Censor is a cleverly wrapped thriller that wears the classically turned up London Fog overcoat of a period horror film. However, Prano Bailey-Bond’s feature film steeps the tea strongly, setting the action during the Margaret Thatcher years in a workplace rife with sexism, and a lead actor grappling with memory repression and the ticking time bomb of a loss she carries from childhood. And not only guilt for being the surviving child in her family, but perhaps some insidious involvement in her sister’s vanishing.
Enid (Niamh Algar) is buttoned downed in dress, pursed of lip, hair tightly wound in a bun, and she has a nose for distasteful content. Her job is to review low-budget films with her peers and reject or allow them to be seen by Britons. The early 1980s video nasties she is assigned to police were just so, think low-budget gore and exploitation films that pushed the genre beyond a haunted house or zombie premise in a vivid and cheesy way to shock audiences. The British had their government stepping in to fight the onslaught of such frankly disturbing films that found an audience wanting more. We aren’t talking arthouse masterpieces from the 1970s or 1980s by cinema legends like Dario Argento, but crudely cobbled efforts by the likes of a sleazy English producer who attempts rape in a scene later in the film.
Film censor Enid is, for all appearances, living a joyless life. She is meticulous in her note-taking, and her work ethic is fueled by a duty to protect. However, as we get to know her, we realize her family dynamic is odd. A younger sister, Nina, disappeared without a trace while on a woodsy outing with Enid.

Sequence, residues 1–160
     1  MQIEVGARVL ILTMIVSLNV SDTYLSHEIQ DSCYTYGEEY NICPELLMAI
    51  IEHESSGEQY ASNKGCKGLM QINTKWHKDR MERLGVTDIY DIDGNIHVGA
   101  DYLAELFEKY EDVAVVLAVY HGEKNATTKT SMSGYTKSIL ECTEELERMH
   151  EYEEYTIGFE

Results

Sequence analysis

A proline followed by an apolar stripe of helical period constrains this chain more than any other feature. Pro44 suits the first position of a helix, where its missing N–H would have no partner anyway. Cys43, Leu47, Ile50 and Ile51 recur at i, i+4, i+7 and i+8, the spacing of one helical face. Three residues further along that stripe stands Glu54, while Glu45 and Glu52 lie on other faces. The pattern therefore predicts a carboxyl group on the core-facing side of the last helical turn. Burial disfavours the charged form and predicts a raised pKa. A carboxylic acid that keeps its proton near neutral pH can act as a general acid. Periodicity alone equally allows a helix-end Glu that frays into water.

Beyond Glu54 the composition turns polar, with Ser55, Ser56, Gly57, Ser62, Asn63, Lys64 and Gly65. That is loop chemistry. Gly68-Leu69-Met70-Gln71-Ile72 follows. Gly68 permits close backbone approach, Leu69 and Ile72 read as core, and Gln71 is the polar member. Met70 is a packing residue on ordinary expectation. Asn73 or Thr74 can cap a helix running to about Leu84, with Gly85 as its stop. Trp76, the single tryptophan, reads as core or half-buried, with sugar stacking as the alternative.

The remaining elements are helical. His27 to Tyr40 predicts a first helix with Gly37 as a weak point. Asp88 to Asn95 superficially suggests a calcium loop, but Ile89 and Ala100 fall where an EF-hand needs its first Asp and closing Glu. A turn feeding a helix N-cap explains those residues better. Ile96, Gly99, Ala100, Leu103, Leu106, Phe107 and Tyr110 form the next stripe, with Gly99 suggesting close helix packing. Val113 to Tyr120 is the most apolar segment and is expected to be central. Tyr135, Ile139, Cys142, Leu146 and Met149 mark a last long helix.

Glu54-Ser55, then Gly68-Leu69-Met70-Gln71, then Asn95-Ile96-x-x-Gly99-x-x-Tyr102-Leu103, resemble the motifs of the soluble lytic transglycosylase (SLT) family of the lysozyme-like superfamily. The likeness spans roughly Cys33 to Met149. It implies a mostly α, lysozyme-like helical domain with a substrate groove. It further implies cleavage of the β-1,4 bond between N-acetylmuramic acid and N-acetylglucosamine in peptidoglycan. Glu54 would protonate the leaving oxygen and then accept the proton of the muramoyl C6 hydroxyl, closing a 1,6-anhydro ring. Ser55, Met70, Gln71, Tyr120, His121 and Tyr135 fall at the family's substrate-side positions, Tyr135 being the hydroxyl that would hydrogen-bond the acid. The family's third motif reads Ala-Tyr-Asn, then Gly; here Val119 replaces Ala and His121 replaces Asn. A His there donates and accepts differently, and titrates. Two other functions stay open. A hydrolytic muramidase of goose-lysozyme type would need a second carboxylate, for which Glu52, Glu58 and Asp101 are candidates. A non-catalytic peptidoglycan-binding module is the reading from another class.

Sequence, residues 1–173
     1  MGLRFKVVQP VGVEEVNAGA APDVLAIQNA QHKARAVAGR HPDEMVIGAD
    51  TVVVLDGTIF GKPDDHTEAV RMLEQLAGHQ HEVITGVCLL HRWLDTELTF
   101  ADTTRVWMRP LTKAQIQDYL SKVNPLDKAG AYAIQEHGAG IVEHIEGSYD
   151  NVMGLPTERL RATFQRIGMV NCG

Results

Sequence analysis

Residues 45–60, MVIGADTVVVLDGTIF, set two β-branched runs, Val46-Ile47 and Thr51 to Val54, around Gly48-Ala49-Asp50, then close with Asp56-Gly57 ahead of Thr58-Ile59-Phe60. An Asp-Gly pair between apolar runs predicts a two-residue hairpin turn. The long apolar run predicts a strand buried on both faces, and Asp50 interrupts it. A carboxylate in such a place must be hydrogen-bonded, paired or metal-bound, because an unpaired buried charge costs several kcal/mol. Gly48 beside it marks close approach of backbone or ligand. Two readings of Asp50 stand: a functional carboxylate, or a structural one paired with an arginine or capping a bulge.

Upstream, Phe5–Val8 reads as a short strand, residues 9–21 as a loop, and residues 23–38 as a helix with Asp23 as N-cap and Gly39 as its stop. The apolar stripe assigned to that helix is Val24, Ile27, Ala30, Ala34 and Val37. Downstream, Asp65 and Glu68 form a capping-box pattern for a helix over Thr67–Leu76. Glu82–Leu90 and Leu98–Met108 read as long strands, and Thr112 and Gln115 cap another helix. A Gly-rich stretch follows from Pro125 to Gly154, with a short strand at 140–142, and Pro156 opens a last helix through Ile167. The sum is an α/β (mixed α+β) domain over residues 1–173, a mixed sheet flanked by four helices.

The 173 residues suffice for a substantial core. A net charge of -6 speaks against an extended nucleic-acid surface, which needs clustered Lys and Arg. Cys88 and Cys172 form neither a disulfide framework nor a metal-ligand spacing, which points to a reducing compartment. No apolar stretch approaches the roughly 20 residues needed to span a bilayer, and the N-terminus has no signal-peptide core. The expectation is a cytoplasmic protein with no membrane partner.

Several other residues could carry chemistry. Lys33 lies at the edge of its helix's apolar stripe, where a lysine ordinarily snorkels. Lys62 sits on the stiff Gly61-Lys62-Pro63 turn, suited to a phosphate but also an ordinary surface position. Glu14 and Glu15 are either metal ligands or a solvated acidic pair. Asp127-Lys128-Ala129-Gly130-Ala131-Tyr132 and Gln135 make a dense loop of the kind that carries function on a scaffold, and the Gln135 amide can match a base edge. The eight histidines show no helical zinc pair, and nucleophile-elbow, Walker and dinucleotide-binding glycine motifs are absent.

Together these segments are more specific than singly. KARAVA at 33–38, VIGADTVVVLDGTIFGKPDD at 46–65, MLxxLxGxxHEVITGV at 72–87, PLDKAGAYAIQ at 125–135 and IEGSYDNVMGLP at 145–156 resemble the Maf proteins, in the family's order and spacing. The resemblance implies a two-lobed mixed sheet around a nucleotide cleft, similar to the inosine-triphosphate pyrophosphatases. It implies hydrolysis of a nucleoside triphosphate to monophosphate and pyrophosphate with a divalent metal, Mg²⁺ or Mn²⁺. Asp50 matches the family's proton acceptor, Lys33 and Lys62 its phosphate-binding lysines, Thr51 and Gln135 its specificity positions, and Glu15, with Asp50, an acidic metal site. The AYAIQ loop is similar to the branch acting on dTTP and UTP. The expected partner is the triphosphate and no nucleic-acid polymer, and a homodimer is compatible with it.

The tension between Enid and her parents, who want closure, is classic British emotional theater (lack thereof) displayed at a dinner where they finally relent and reveal a death certificate to Enid. She believes Nina was abducted and still lives. This false narrative is the grist for Enid’s entire mental collapse we will witness, stoked by a screening of a film that took the news of her sister’s vanishing and dramatized the events. Reality begins to blur with imagination as Enid now believes an actor in this awful film is Nina and becomes obsessed with finding out the answers.
Niamh Algar keeps the reins on Enid until the final cut. Enid’s steady untethering from reality is more frightening than any jump scare you could have fashioned for a film about the nascent grindhouse gore scene that delighted in spurting dayglo blood, gouged eyes, and impaled victims. And with a nod to the times, the Prano Bailey-Bond debut has a grainy VHS appearance, capturing the era reflected by the deeply troubled average Joes and Jills barely making it amidst rising crime and austere policies. Bailey-Bond gives us that historical snapshot in the most revealing and ordinary ways, cementing the bleakness of the times that saw people clamoring for something to jolt them out of their stuporous existences.
Contextually it was a perfect hive to foster the VHS horror phenomenon. And the common ‘descent into madness” horror trope is given a solidly female gaze in Censor, dressed with a taste of gothic, atmospheric turns with Enid. She is a character we are never quite sure of until the end, and even then, questions linger.
The catalyst for Enid’s slow descent is a film, Don’t Go in the Church, which is part abduction, part slasher film made by an odious producer Frederick North (Adrian Schiller). North oversteps his professional boundaries when first meeting Enid. The film triggers an avalanche of repressed memories and convinces Enid her “Nina is still alive” theory is valid.
No more spoilers, other than the delight of this film is where Bailey-Bond takes us regarding Enid, as we try to ferret the truth of what is real and what is a false flag in the story. No neat endings here, but one that gives the viewer a lot of time to reflect on how we compartmentalize trauma and protect our sanity regarding catastrophic or jarring events. Bailey-Bond hits all the notes and achieves the hallmarks of apt storytelling that lingers and disturbs beyond the last frame of the film.